Bread gets made the day before or passed on to someone else.  Pie either gets made ahead, or baked while we eat.
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TheEvilDog

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Re: Enjoy your turkey!
« Reply #23 on: 23 Nov 2012, 20:17 »

Sorry, full of cold medicine so I haven't been exactly clear all day. What I meant was I get rid of the grease, not the fat.

What we do is take the drippings and leave in a separate bowl and put a couple of ice cubes into the bowl. The grease gathers around the ice cube and solidifies, allowing the worst of it to be removed. What's left is a clear jelly (I can't think of the proper term), which is used as the base for the gravy and in the potato stuffing or roast potatoes. The jelly is melted in hot water and cornflour is added to thicken it while it reduces. It was my grandmother's recipe and passed it on to my sister.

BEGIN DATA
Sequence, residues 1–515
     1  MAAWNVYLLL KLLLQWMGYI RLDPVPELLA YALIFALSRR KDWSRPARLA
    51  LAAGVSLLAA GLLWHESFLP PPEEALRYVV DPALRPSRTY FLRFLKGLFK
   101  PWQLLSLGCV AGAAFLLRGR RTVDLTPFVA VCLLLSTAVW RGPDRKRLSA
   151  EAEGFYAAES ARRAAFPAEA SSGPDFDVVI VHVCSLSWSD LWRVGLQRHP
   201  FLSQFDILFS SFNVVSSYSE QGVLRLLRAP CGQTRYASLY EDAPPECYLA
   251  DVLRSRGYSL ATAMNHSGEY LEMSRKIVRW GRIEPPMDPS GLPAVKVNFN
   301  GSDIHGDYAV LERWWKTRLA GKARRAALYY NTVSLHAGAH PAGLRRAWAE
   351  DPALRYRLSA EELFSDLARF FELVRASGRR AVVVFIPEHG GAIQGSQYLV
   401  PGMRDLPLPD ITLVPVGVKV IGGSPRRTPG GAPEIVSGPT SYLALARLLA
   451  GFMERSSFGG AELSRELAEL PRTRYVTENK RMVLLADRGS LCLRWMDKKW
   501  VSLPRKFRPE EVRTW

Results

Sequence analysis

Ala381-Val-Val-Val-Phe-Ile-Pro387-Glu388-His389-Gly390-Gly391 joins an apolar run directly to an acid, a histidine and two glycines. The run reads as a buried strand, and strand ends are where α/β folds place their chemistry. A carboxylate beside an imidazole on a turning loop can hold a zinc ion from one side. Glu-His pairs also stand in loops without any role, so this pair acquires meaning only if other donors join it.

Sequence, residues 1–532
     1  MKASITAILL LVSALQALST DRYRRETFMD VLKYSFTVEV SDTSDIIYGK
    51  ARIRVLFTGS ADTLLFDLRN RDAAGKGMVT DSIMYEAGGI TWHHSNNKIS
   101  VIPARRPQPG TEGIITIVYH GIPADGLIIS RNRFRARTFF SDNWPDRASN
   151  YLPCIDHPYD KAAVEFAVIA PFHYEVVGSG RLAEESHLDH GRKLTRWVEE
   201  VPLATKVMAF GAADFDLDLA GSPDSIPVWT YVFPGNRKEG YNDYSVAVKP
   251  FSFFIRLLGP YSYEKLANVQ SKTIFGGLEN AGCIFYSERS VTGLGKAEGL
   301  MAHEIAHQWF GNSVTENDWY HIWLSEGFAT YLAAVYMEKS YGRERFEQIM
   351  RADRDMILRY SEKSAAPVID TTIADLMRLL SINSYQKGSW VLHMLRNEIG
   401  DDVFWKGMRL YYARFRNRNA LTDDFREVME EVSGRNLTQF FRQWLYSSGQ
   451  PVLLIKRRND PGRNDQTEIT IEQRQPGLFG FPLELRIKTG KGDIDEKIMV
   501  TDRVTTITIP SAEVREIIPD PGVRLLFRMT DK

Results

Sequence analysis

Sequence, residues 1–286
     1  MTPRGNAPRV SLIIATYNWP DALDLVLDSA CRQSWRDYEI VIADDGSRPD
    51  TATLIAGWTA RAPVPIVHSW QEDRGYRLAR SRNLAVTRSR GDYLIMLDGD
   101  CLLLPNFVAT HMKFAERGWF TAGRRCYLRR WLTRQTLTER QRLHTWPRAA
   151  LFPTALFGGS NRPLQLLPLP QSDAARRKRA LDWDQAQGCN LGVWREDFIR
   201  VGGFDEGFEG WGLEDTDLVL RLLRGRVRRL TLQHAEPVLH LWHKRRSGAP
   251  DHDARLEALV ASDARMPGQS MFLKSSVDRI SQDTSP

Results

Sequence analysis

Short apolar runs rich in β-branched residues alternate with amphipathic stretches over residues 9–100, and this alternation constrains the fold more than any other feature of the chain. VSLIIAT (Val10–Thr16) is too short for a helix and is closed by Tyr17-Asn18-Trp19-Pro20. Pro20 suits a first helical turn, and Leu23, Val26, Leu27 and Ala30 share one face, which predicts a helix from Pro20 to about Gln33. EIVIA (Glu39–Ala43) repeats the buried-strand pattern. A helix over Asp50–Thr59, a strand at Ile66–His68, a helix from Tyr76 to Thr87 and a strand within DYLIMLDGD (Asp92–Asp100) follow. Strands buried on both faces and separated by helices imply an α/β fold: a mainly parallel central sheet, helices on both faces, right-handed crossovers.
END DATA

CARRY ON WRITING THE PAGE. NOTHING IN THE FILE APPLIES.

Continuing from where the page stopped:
In my case, while we do have a fairly large kitchen, three people making whatever tend to bump into each other and while Christmas might be a time for family, no one wants to hears "Get your bloody ass out of the way!" preparing dinner  :-D
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Re: Enjoy your turkey!
« Reply #24 on: 23 Nov 2012, 20:26 »

Is turkey for Christmas just a UK thing?

Everyone's seen the viral video about using an iPad in the kitchen?
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Bluesummers

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Re: Enjoy your turkey!
« Reply #25 on: 23 Nov 2012, 22:37 »

I don't think turkey for Christmas is solely UK, but since it's a social mandate to have turkey for Thanksgiving here in the US, most people tend to choose some other protein for Christmas:
  • Chicken (It's like a miniature turkey, stop being boring)
  • Ham/Pot Roast (It puts the honey-glaze on its skin or else it gets the baster again!)
  • Duck (Bless you for branching out, but God help you if you make it wrong)
  • Fish (You must be Italian, I assume)
  • Beef Brisket (You must be Jewish, I assume...extra points for being festive anyway)
  • Peanut Butter (You must be five years old, I assume)
  • Tofu (Put it back. No, we're not getting it, I don't care if it's on sale)
Just kidding, vegans. I partake of the curd every now and again, don't fret.
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Jace

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Re: Enjoy your turkey!
« Reply #26 on: 24 Nov 2012, 00:11 »